Original URL: http://www.theregister.co.uk/2002/04/19/what_is_dis_ting_called/

What is DIS ting called box?

The MS key to the UK Government Gateway, perchance?

By John Lettice

Posted in Software, 19th April 2002 15:34 GMT

What, friends, is a DIS box? The answer to this question is clearly of some considerable importance to the partners, government departments and local government bodies who'll be putting their services online via the UK's Government Gateway, because as you can see here, step 12 in the first steps in getting online with the Gateway is "select a DIS box and commence procurement for this box."

A little further on (under checklist) there's a bit more information about DIS boxes, confirming that it is to some extent hardware that you have to install at your end in order to connect to the Gateway and thus to offer your services through the Gateway, but what is is more precisely, and where you get one, is entirely unclear. We asked the usual suspects who hang around the E-Envoy's Office and govtalk waiting to cry foul, but they didn't know either. So we asked the Cabinet Office, and this is what we got:

Department Integrated Service (DIS)

DIS provides the reliable messaging interface between departments and the Gateway. Each connecting department or organisation uses DIS in order to interchange XML messages with the Gateway in a trusted, secure and reliable manner.

DIS receives messages from the Gateway that contain XML documents to be passed on to the department. DIS also receives responses and requests from the department that are either fully processed on DIS or passed up to the Gateway for processing.

Specific DIS-to-department interfaces and data exchanges are developed on an individual basis as each department comes on-line with the Gateway. This is to ensure that these interfaces meet each department's specific technical needs. An initial set of generic interfaces are supplied as part of the standard DIS installation. Each department can use these generic descriptions to create their own department-specific interfaces to DIS in order to be able to successfully connect to and interact with the Gateway. We have committed to opening up the Gateway to use other reliable messaging technologies such as MQseries so those departments that already have this technology will be able to connect to the Gateway. Other reliable messaging technologies may also be built into the Gateway if departments demand it.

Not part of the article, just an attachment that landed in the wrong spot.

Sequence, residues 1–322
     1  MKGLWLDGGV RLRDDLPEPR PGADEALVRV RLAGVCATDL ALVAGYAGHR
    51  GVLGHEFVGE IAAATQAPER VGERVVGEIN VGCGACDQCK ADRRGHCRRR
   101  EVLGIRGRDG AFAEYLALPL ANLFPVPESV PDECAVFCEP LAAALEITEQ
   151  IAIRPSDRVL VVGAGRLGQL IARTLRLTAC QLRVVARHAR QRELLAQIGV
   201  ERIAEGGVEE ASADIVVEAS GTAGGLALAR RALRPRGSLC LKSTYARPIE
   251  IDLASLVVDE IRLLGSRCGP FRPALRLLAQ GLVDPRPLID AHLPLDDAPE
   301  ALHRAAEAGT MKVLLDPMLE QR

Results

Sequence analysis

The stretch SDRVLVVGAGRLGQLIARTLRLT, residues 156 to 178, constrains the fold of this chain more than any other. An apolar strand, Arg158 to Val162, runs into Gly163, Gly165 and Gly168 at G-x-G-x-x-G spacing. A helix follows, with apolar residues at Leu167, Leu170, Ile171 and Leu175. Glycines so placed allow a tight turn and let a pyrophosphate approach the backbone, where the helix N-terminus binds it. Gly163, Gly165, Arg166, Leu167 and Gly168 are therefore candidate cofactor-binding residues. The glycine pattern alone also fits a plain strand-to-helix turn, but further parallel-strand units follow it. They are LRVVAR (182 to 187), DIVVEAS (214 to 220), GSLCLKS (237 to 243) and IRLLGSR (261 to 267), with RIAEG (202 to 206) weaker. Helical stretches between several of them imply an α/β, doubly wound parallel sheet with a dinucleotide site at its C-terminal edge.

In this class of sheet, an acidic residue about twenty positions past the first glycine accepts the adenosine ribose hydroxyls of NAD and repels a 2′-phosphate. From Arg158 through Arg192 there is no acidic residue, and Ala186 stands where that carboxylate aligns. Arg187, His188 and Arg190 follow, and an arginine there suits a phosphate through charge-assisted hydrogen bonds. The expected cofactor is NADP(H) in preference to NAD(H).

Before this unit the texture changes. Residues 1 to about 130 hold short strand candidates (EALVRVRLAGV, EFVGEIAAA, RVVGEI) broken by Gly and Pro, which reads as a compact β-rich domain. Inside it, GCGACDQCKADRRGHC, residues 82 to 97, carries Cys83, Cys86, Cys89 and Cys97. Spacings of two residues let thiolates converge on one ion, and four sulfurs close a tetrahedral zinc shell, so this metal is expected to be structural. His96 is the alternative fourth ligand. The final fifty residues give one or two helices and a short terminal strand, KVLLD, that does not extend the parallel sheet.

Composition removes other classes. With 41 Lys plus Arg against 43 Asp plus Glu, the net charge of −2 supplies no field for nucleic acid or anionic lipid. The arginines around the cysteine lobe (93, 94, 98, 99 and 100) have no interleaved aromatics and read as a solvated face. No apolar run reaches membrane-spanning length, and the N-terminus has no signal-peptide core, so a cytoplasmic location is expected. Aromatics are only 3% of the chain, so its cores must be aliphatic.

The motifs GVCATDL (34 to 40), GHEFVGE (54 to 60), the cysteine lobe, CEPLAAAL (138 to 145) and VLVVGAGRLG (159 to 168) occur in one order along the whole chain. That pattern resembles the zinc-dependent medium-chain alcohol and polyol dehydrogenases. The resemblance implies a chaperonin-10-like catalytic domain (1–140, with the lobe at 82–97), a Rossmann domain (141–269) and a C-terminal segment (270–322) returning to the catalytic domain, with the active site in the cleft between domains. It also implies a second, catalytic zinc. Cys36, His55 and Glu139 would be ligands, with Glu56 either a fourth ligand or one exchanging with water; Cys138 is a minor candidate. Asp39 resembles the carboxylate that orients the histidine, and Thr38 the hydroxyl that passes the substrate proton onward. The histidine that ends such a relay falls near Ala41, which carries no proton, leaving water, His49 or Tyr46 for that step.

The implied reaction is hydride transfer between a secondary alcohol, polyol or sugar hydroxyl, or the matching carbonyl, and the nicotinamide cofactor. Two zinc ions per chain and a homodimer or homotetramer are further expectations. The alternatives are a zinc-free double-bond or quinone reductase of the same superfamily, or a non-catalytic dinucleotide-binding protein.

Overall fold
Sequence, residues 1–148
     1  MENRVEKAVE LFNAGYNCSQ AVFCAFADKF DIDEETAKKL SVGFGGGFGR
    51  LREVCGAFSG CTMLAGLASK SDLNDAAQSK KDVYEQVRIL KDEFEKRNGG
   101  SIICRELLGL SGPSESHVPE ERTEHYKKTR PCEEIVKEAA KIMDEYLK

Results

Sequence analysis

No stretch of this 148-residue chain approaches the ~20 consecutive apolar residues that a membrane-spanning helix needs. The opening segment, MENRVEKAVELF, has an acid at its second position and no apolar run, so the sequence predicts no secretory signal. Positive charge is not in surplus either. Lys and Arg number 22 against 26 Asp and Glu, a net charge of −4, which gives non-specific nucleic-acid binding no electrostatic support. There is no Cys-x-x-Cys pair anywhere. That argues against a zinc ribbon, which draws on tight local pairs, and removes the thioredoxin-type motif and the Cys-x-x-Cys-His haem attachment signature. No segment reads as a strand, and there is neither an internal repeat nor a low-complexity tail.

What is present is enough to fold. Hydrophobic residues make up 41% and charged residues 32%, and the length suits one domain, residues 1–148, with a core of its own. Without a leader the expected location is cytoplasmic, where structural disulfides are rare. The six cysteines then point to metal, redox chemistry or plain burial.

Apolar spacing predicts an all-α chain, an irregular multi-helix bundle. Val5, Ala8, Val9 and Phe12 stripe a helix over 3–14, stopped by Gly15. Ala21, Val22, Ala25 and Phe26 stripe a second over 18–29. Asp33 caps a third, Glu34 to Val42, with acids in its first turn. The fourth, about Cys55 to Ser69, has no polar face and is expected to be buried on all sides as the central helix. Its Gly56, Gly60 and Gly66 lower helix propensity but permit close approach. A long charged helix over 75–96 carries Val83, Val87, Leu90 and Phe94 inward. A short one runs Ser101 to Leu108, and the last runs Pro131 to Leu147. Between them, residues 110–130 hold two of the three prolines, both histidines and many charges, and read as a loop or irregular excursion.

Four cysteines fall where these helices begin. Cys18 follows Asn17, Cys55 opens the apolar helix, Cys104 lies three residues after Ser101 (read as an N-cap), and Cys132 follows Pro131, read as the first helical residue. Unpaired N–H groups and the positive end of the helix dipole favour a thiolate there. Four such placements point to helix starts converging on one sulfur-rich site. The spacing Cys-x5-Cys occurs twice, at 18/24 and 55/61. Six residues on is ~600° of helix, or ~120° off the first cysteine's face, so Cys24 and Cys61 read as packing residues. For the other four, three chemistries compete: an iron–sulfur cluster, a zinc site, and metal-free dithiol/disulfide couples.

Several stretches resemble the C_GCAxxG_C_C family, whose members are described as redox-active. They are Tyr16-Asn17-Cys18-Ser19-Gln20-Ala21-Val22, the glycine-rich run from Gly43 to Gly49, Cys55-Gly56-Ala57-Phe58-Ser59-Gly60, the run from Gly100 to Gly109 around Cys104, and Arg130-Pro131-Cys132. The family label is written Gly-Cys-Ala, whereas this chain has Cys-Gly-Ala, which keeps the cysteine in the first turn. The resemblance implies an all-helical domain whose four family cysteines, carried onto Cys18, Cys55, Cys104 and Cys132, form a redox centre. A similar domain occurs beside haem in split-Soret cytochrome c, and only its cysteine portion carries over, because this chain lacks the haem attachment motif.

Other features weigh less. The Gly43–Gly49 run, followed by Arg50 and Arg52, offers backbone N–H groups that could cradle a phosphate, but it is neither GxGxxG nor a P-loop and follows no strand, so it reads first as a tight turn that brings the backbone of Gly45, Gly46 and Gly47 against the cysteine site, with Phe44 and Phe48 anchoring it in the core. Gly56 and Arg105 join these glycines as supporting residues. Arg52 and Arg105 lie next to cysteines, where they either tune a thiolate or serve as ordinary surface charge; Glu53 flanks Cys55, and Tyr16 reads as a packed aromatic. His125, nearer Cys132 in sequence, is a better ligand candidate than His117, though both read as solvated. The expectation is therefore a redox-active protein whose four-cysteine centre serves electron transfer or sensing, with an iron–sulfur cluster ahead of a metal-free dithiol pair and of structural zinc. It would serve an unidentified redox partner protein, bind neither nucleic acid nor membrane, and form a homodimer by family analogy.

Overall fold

The OeE is working with suppliers in order that they can provide Gateway connectivity services to departments as off the shelf solutions using a range of technologies (including BizTalk and MQseries). This will provide choice for departments and a competitive market will help provide cost efficient solutions.

Note that this doesn't tell you exactly what it is or where you get it either, but the more paranoid among us might muse that the bit that says "We have committed to opening up the Gateway to use other reliable messaging technologies such as MQSeries" is a strong hint that IBM has been, at least for the moment, stitched.

One of the usual suspects has however now come back to us with the shock allegation that "Last I heard on this, they were some kind of Dell/Microsoft concoction." Which presumably means a large Intel server, Biztalk and SQL Server going into any partner, department or local government putting their services online via the Gateway. As the E-Envoy's CEO of E-delivery Alan Mather puts it, that tots up to 480 government departments and 200 agencies, which tots up to quite a lot of revenue for some people. If, that is, that combination really is and remains a requirement. So is it? And will it?

As it says elsewhere on govtalk, "Regular independent reviews of the Government Gateway project have been carried out, in collaboration with the Office of Government Commerce, to ensure best practice is applied to all areas of the Gateway's procurement and governance." So that's alright then, isn't it? ®

Related e-deliveries

The Microsoft Government Portal explained

* Apropos of nothing, at time of writing if you go here, you will see a rather confusing list of "published documents" dealing with interoperability. As to our knowledge the page has been like that for in excess of 24 hours, there's every chance it'll stay like that all weekend. But in case not, it currently says:

Published Documents

Microsoft OLE DB Provider for ODBC Drivers error '80040e14'

[Microsoft][ODBC SQL Server Driver][SQL Server]Invalid column name 'id'.

/interoperability/egif.asp, line 115

Good work, chaps, keep it up.